But, does it follow, that a safer under them, than under the consul. higher establishment would prevent Their temple of liberty was transformed similar success? At the commencement into the temple of Mars. All the decoof the Seven Years war, we had very ill ration and scrolls, &c. were destroyed, and success-the consequence of that fållen fire and destruction went forth to constate we were placed in by a low peace sume the earth. The whole question lay establishment. The hon. gentleman men in this-money or money's worth. He tioned Ireland. Why, had we not had preferred the latter. there two invasions? And was not that Mr. Chancellor Addington said, it had the most formidable which even disem- been asked, whether there was any thing barked her troops, that of Bantry Bay in the state of the country at this time Fleets may get across, then, and may land which so peculiarly distinguished it from them in spite of our navy. Every mea- other situations of the country, as to sure was taken in France to promote con- render the present establishment necesquest and hostility. This wonderful re- sary? He should not act fairly, if he said presentative government, that was to give that any circumstances were known to such liberty to all the world, has lately his majesty's ministers, that could justify made another compulsory military con- their adopting any thing less than the scription. He did not hear these matters establishment proposed. He had no from such high authority as the hon. gen. scruple in declaring, that if the war had tleman; but he heard from very judicious, terminated in a manner conformable to intelligent, and correct persons, who had the wishes of this House; if it bad terbeen in France, that the idea of liberty minated by the attainment of those objects had long been treated by all sober people for which it was entered into; if France as a government not fit for them; and the had been confined within her original only consolation they had in view was, limits, he still should have exhorted the the grand consolidation of the grand House to have acceded to a much empire of the world, by humbling or larger peace establishment than at any destroying us under their feet. There was former period : he should have done so a speech delivered in the course of the for the reasons alluded to by a noble lord ; debate by an hon. gentleman (Mr. reasons which proved, that, by an increase of our peace establishment, we should not passed that vote with less information to only have a much better chance of the guide them in the propriety of passing it, continuance of peace, but of entering upon than ever was before submitted to parlia. a war, in case circumstances should ment on similar occasions. The answer render hostile measures indispensable. given then to this observation by anoble lord But the condition in which the late was, that there was nothing in the history treaty had left France, furnished still of parliament respecting thegranting of the stronger arguments for the necessity of information required, that made the late a formidable force. Her acquisitions in proceedings of the House differ from those the Austrian Netherlands, her influence of former times. Till now he had no opin Holland, Spain, Italy, Switzerland, portunity of answering these contradicand, in fact, over the whole continent, tions; but he would endeavour briefly to sufficiently evinced the necessity of a restate his objections. What is our situa. larger armament than would have been tion, and what lights have we to enable us requisite, had peace been made under to judge of it? If we call for those lights more favourable auspices. He should we are referred to the speeches of minisnot act fairly by the committee, if he ters, which convey no information; and did not state, that, since the conclusion even if they did, are such speeches fit parof the definitive treaty, circumstances liamentary documents to justify the House had occurred, which furnished additional in coming to a decision on matters of the arguments for increasing our establish- gravest moment ? He might firmly mainment. Taking, then, into consideration tain that no one instance has occurred in the necessity of having a larger esta- the parliamentary history of the country, blishment than that which existed at in which ministers have come down, after former periods, it was a duty imposed on the signing of a definitive treaty of peace, him to recommend the force which had to call for supplies or large establishments been moved for. Something had been without having advised his majesty to said by an hon. gentleman behind him, to make some communication from the which it was impossible not to advert; re throne, intimating the probability that the ferring to what had fallen from another peace would be lasting, or that it might be right hon. gentleman, for whom he felt precarious, or if any dangers of a fresh as much respect and regard as could rupture existed, without alluding to those actuate the breast of one human being dangers. The hon. gentleman then aptowards another, he felt himself called pealed to several speeches and messages upon to answer the insinuation he had recorded in the Journals, in corroboration thrown out. He had stated, that the of what he had advanced. The notoriety right bon. gentleman to whom he alluded of a fact did not form a proper parliamenwas still responsible for the measures of tary ground of proceeding. Parliament government. He should be ashamed if should have real, solid, substantial docusuch charge could be supposed to be ments before them to judge by. The correct. For himself, and those who want of such documents on the present acted with him, he had only to say, that occasion appeared to him to be a depar-, could they be supposed capable of sub- ture from the usual practice, dangerous to jecting themselves to the influence of the constitution. Should not the House others, they would have been totally un. know what garrisons are to be supplied by deserving of those marks of favour which the sums now to be voted ? It is true their sovereign had bestowed upon them. that Malta has not yet been evacuated; it is He trusted he should at all times be ready equally known that orders have been sent to vindicate his own personal and official out to retain the Cape. These were two honour.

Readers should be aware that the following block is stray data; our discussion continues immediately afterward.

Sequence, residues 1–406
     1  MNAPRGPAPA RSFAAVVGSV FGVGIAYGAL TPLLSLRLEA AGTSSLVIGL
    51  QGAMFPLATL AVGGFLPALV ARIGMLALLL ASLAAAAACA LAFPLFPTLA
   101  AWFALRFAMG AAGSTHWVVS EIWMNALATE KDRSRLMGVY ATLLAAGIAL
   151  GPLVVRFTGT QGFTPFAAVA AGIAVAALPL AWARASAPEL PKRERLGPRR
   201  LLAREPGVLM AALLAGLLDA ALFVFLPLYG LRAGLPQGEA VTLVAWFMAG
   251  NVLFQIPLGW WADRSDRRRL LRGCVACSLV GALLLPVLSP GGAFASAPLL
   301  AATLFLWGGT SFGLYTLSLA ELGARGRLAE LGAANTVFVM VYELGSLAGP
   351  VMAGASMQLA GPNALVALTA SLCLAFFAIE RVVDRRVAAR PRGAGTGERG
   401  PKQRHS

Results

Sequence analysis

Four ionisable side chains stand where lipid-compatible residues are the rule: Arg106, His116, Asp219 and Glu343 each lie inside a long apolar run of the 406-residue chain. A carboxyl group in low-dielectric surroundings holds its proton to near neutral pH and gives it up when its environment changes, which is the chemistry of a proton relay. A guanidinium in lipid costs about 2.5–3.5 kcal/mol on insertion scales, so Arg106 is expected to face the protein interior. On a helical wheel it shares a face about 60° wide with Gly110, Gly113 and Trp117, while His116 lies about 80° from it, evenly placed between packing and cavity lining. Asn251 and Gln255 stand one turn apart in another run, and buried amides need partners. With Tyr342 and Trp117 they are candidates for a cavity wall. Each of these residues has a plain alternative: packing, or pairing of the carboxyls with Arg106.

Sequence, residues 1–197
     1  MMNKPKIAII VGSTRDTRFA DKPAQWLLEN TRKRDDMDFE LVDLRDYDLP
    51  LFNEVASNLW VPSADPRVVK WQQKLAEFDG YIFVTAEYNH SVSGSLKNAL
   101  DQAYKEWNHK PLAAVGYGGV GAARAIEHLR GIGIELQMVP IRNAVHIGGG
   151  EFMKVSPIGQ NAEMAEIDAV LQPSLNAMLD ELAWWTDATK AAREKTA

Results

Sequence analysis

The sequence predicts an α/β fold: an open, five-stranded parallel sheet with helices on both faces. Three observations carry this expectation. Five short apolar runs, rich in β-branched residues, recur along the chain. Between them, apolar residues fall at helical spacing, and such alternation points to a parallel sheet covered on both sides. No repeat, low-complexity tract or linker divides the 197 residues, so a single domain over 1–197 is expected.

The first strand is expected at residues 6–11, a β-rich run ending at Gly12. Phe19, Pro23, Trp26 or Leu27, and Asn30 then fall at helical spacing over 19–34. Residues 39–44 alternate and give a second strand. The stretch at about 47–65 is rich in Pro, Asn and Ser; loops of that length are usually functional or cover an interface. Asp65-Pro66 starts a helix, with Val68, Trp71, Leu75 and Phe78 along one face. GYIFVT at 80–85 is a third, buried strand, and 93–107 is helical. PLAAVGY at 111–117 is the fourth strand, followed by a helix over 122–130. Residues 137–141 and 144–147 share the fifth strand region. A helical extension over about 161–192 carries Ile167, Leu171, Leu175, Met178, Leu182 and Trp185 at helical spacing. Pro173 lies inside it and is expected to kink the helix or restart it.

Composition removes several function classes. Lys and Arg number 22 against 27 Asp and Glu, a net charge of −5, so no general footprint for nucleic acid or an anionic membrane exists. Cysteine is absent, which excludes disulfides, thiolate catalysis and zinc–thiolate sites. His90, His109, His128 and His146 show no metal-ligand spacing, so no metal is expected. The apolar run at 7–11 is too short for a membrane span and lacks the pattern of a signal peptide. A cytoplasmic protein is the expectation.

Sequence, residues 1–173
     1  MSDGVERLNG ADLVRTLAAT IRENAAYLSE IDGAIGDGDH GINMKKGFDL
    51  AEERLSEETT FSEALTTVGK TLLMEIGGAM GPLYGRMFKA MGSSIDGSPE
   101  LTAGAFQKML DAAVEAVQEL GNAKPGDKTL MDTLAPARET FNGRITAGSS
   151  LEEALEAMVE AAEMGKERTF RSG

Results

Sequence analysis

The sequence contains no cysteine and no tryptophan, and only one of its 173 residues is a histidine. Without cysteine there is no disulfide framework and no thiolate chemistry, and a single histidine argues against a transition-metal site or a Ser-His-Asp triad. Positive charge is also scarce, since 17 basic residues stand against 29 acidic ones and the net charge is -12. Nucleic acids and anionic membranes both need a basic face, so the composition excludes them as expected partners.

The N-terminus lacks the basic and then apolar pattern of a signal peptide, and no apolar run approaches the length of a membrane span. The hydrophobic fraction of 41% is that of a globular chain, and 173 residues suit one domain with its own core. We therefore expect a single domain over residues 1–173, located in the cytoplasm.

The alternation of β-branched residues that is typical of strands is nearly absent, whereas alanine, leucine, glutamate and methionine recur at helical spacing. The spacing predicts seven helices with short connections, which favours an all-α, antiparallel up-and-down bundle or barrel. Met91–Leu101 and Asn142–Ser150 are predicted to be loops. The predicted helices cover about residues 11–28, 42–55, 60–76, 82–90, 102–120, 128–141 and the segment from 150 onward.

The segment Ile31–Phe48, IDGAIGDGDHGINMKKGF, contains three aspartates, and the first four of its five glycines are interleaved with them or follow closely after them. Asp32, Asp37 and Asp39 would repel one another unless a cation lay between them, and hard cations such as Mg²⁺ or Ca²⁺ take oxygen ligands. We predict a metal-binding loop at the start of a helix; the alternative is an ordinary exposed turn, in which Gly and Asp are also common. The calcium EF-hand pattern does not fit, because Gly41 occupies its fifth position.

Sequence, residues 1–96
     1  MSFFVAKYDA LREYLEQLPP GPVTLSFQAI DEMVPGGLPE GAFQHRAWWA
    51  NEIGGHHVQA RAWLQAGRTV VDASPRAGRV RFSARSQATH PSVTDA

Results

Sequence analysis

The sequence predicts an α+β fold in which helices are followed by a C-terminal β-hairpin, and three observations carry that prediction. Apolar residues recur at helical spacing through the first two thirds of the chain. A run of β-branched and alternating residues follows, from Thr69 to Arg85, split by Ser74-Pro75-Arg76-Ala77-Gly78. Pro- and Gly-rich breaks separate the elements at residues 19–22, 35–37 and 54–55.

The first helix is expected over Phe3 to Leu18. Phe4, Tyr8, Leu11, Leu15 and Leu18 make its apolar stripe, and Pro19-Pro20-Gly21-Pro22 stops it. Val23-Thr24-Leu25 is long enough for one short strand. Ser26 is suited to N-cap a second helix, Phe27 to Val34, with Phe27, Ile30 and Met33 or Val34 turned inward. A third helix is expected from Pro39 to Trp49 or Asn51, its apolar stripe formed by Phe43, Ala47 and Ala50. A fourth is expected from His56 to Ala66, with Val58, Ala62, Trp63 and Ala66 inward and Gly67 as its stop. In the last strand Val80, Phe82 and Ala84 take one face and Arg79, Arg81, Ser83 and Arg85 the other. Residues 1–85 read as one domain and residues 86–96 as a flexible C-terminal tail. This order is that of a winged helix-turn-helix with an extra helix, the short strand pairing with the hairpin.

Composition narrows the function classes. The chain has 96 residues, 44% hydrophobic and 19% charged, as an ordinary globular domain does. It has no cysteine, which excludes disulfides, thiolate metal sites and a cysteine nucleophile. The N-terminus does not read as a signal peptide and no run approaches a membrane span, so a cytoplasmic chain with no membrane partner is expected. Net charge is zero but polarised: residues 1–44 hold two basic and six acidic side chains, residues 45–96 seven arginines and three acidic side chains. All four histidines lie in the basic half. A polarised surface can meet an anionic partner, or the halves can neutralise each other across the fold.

considerable military points, and their fate The resolutions were agreed to.
should be known before an accurate judg
ment could be formed of the extent of the Dec. 9. The resolutions being re- supply necessary.
The hon. gentleman ported,
next proceeded to observe on the manner Mr. T. Grenfell said, that those who on which the army estimates were yesterheard what he had advanced when the day opened by the secretary at war. navy estimates were under consideration, Nothing could be more clear, explicit, would recollect what were the grounds and manly than that opening; yet at the which he urged on that occasion. His conclusion of his speech, there were some assertion then was, that the House had expressions that called for particular at.